A couple of days ago, I went to a restaurant in Sidney, BC called RumRunners. It’s got a nice location on the harbour in Sidney, the windows look out on the sail boats and motor boats and yachts. There’s a nice view of some islands. The ferry to Sidney Spit docks right beside the restaurant.

I have a soft spot for this area of Sidney for it is here that I brought my mother and father when they were still well enough to visit BC and able to get around easily.

Since I’ve been diagnosed with celiac disease, I’m a reluctant restaurant patron. Despite the growing incidence of celiac disease, the majority of restaurant staff have no idea what it is. I’d visited this restaurant a couple of years ago, explained to the waiter that having celiac disease I was seriously allergic to wheat, rye, oats, barley and spelt. I ordered fish chowder. He assured me that there was no gluten in it, but when he brought it, there were two slices of bread on top of the soup.

However, on this visit, the young waitress immediately said, oh, yes, I know about celiac disease. We have a celiac friendly menu. She pointed out items on the menu that were safe to eat but then added “And, our fish and chips are made without gluten.”

Unless you’ve lived without fish and chips in a place like Victoria where fresh seafood is all around, where the British tradition of fish and chips is strong and the food good to excellent, you have no idea what it was like to hear that the batter was gluten free, the French fries made in house and not rolled in flour, both deep fried in oil that was not used to fry products covered with batter made with wheat, you have no idea how I felt. I was dumbstruck.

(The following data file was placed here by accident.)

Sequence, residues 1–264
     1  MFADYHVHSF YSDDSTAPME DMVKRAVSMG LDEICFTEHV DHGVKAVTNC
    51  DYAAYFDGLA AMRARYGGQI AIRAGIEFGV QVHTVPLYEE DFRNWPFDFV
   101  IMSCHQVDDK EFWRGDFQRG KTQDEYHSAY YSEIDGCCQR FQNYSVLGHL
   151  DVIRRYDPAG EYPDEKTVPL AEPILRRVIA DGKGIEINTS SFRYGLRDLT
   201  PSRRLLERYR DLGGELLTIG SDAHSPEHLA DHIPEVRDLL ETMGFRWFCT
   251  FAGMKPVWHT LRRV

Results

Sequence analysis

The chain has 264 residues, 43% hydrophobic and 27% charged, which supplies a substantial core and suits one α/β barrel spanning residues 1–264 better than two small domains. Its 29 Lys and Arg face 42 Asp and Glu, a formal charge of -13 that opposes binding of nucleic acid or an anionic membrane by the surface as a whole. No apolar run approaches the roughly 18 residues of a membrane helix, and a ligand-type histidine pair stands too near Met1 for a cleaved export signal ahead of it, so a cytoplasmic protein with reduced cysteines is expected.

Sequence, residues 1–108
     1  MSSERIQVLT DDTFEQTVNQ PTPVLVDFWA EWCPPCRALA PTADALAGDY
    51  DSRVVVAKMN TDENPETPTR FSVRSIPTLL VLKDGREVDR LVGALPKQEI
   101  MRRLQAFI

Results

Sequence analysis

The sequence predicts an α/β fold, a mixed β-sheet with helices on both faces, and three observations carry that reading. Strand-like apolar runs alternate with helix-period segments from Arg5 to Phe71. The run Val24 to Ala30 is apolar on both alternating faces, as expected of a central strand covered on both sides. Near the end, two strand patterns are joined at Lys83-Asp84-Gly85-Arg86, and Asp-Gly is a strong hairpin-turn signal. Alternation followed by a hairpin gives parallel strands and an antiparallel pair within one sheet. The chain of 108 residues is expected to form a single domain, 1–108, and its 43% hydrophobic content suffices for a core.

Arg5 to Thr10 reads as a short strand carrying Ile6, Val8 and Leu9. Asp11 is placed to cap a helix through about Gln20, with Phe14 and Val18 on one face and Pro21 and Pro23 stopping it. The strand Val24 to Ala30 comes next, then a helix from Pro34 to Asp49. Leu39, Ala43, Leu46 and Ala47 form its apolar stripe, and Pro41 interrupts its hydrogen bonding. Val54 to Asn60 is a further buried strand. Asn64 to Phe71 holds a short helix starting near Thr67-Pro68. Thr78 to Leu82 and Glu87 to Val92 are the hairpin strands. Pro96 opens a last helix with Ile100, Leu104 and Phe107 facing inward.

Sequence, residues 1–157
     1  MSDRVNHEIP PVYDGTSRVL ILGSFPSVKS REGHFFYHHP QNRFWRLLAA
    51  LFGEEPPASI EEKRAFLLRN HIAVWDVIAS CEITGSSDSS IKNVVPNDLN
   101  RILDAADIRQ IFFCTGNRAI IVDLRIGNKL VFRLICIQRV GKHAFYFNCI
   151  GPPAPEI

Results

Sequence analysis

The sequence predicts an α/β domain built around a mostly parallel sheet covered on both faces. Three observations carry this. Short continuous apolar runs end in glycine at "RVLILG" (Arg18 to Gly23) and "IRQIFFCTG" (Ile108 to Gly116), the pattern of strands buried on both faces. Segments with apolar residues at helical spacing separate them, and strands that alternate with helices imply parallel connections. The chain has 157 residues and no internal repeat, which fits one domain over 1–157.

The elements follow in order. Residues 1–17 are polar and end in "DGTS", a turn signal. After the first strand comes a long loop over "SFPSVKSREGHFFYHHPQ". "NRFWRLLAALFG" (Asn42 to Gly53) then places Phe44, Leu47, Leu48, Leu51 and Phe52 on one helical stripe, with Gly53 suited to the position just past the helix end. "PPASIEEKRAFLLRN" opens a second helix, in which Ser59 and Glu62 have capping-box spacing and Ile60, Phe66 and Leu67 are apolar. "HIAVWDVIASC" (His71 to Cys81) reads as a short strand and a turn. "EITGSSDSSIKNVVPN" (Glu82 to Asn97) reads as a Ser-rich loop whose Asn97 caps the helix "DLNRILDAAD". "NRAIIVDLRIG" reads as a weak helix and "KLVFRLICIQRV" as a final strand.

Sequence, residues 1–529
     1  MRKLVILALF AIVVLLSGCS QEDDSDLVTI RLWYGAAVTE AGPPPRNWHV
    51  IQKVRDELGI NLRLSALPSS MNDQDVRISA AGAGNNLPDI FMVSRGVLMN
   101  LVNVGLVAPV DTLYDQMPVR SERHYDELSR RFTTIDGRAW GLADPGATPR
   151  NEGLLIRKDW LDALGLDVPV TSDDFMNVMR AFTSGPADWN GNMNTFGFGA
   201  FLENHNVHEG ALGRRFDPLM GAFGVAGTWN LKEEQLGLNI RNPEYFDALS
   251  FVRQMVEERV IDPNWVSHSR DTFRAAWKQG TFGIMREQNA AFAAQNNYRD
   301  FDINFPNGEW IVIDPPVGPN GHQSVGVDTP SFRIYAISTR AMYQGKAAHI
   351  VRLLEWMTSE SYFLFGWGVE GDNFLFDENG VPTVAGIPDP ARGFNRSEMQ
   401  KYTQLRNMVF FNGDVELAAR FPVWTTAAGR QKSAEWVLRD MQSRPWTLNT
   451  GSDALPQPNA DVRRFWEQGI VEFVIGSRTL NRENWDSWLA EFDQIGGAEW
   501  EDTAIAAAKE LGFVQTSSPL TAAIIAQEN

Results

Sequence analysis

I looked to see if she were joking. If she were, no tip. The possibility of fish and chips was no laughing matter.

She crossed her heart and swore the batter and chips were gluten free. I ordered it along with a Diet Pepsi.

When it came, the batter was light, crunchy, delicious, the halibut so fresh it had to have been caught that morning. The French fries were crisp on the outside, soft on the inside. I ate the fish and the French fries slowly, making sure I tasted every morsel. I took deep breaths between each bite. I sipped my Pepsi.

Today, I went to Origen, a bakery dedicated to gluten free baking. No gluten passes through its door. They do have oats but the oats are grown and processed away from all other grains. Unfortunately, the door was locked, the sign said, Closed on Mondays. I’d gone to buy gluten free sourdough bread.

I sped to Babba Rose’s. There, joining the line of patrons that never ends, like an infinite caterpillar, I made my way to the counter. Date bar. Gluten free. Quinoa chocolate muffin, gluten free. Pizza. Gluten free. Lasagna, gluten free. With my bag of loot in hand, I braved the traffic by crossing Cook Street to my car. Today, pizza and date bar. Tomorrow, lasagna and the chocolate muffin.

Tonight, though, after the calories in the pizza and date bar, I’m having brown rice and beans for supper. It also helps to balance the budget. A gluten free diet is healthy but it is also expensive. My 3.50 cent muffin costs more than tonight’s entire supper. The beans and rice come to about one dollar. If I’d eaten it with a couple of corn tacos, it would have cost about 1.35. With a salad, it might rise to 2.00.

I like beans. I like brown rice. I like keeping my waistline inside the waistband of my pants. But now and again, once in a while, now that I’ve discovered fish and chips that are gluten free, I’ll break the bank, eat those fries with vinegar and salt, hang the expense, ignore the calories. We only live once. Some people dine on Kobe beef, pheasant, caviar. Let them have it. I’ll take my fish and chips.